B-Schools Know How You Think, but How Do You Feel?

Author: Melissa Korn

Forget what you know. Business schools increasingly want to know what you feel.

Schools are trying to choose from a crowded pool of well-qualified applicants and get a sense of the human being behind the application by adding personality tests and scored, standardized in-person interviews to the traditional battery of essays, transcripts and recommendations. Now, prospective M.B.A. students need to shine by showing emotional traits like empathy, motivation, resilience and dozens of others.

Business schools increasingly want to know what you feel.

Measuring EQ—or emotional intelligence quotient—is the latest attempt by business schools to identify future stars. Since students typically start their job hunts almost as soon as they arrive on campus, the schools have little time to fix any faults.

"Companies select for top talent with assessments like this," says Andrew Sama, senior associate director of M.B.A. admissions at University of Notre Dame's Mendoza College of Business. "If we are selecting for future business leaders, why shouldn't we be [using] similar tools?"

Since the fall of 2010, Mendoza applicants have been required to complete a 206-item online questionnaire called the Personal Characteristics Inventory. It screens them for traits the school has found in its most successful students and graduates, such as teamwork and leadership abilities.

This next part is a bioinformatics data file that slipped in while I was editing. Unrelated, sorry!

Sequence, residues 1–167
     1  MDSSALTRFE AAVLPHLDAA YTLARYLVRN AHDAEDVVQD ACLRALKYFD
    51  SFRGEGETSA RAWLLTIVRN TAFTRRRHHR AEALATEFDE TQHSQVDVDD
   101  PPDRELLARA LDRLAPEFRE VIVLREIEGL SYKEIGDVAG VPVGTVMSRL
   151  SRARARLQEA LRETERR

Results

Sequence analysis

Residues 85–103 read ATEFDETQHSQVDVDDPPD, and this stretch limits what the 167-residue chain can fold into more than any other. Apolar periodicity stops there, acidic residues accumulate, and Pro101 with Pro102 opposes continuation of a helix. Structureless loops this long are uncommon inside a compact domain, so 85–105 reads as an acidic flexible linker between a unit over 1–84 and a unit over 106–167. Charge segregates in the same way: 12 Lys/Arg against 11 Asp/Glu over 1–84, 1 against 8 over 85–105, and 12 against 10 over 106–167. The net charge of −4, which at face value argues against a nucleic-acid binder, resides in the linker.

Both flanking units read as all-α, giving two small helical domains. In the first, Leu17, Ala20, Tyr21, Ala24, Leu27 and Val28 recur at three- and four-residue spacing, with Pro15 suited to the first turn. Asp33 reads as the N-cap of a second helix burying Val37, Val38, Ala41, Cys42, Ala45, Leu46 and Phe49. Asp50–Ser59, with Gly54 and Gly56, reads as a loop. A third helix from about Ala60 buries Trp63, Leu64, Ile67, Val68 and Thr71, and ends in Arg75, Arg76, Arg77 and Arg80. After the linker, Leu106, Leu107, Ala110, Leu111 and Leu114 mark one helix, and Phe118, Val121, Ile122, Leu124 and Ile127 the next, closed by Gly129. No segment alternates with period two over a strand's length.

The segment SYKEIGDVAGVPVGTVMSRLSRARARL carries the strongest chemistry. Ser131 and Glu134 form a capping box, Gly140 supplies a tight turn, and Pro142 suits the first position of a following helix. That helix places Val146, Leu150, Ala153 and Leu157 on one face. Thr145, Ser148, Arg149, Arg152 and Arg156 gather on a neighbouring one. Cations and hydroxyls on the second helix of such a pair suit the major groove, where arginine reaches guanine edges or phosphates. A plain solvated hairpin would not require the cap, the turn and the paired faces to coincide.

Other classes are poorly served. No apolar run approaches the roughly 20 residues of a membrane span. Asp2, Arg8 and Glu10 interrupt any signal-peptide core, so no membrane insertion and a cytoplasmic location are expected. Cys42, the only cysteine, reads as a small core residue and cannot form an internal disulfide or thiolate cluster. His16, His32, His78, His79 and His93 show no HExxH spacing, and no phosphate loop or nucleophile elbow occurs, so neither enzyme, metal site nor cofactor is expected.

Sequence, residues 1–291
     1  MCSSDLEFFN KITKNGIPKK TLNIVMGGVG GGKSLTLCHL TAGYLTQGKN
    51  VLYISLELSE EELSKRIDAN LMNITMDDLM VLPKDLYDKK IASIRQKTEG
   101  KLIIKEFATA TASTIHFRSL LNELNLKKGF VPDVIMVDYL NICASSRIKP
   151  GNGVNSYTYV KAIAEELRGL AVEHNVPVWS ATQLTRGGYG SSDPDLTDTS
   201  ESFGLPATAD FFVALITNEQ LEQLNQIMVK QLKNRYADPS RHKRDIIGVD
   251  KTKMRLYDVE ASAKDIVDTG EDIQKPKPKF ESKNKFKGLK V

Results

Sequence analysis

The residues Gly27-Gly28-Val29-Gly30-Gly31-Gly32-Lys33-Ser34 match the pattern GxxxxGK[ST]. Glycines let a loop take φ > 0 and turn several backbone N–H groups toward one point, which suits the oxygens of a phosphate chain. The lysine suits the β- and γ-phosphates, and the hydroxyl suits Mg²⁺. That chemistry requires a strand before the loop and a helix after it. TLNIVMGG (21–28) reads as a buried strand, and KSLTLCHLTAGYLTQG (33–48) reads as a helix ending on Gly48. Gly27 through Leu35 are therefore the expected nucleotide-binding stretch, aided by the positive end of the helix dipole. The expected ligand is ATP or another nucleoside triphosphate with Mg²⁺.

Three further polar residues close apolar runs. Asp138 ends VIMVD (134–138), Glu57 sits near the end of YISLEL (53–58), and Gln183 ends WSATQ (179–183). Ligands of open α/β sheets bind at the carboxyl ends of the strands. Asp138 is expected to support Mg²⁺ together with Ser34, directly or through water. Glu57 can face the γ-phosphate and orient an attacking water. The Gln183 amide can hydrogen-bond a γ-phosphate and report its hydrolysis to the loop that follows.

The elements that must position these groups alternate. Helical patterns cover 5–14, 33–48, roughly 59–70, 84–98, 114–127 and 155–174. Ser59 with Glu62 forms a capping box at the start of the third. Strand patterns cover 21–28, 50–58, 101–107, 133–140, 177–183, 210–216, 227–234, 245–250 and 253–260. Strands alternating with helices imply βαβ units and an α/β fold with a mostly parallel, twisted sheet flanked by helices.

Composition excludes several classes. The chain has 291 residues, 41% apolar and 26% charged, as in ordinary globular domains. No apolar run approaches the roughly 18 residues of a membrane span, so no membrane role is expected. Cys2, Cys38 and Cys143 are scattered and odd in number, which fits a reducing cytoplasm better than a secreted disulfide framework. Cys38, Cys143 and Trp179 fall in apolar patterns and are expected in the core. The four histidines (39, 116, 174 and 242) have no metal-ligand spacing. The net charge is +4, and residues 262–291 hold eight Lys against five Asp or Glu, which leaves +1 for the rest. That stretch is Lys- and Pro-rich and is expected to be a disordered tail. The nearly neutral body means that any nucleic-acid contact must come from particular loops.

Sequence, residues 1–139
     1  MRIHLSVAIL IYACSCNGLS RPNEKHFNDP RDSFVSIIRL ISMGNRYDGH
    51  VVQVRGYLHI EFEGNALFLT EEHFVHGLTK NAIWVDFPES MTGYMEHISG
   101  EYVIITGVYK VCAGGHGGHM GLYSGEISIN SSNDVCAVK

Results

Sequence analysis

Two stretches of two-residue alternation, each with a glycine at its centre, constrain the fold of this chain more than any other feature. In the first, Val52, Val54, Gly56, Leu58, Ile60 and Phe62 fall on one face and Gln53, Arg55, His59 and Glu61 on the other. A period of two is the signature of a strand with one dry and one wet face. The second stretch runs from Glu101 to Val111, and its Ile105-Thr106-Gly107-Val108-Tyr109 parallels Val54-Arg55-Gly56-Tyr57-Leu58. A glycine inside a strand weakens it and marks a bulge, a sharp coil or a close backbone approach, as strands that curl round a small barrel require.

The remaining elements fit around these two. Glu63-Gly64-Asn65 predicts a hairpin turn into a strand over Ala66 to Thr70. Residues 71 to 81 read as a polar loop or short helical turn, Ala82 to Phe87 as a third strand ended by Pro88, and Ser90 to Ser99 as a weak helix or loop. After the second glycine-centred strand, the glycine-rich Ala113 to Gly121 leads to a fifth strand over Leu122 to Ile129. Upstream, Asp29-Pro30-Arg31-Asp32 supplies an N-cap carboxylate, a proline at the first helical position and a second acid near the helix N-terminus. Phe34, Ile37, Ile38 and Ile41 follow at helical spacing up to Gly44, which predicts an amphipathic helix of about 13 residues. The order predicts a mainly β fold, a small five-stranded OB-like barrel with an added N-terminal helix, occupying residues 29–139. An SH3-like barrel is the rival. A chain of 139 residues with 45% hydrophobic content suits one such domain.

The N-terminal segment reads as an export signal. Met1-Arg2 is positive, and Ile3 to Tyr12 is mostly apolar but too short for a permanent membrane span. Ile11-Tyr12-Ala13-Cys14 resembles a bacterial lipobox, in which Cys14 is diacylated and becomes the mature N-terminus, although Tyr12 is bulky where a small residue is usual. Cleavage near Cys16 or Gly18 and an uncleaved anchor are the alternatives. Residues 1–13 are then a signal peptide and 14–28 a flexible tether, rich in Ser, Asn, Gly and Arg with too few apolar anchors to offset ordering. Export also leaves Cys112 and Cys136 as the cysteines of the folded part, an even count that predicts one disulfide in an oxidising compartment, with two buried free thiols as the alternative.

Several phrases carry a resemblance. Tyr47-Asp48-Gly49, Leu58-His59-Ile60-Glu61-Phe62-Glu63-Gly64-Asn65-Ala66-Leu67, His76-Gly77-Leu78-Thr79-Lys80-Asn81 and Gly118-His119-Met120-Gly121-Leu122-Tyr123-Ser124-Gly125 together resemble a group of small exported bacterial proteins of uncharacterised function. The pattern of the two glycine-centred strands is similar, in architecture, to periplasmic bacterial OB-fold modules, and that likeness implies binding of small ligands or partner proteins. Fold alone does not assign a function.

It is difficult to determine the "right" answers. For example, one item asks, "What are your sources for new ideas?" The multiple-choice answers include "reading," "my own thoughts," "subject-matter experts," "family and friends" and "people I work with." Star students tend to provide the same responses, Mendoza says.

Paul Toboni, a first-year M.B.A. student at the school, says he "couldn't beat around the bush or give an artificial response" in the online test, unlike with interview talking points.

Still, the 23-year-old Mr. Toboni says he was pleased the school was evaluating his personality and not just the length of his résumé, since he was "shallow" on work experience.

Based on the assessment, Mendoza labels students "recommended" or "not recommended," though the school may ultimately admit a number of students in the latter category and may reject others in the former.

Mendoza plans to track this spring's graduates closely, as they are the first class admitted with the explicit consideration of EQ. The school says early indications show that those who scored well on the assessment are highly engaged in classroom and club activities.

For the entire article, visit WSJOnline.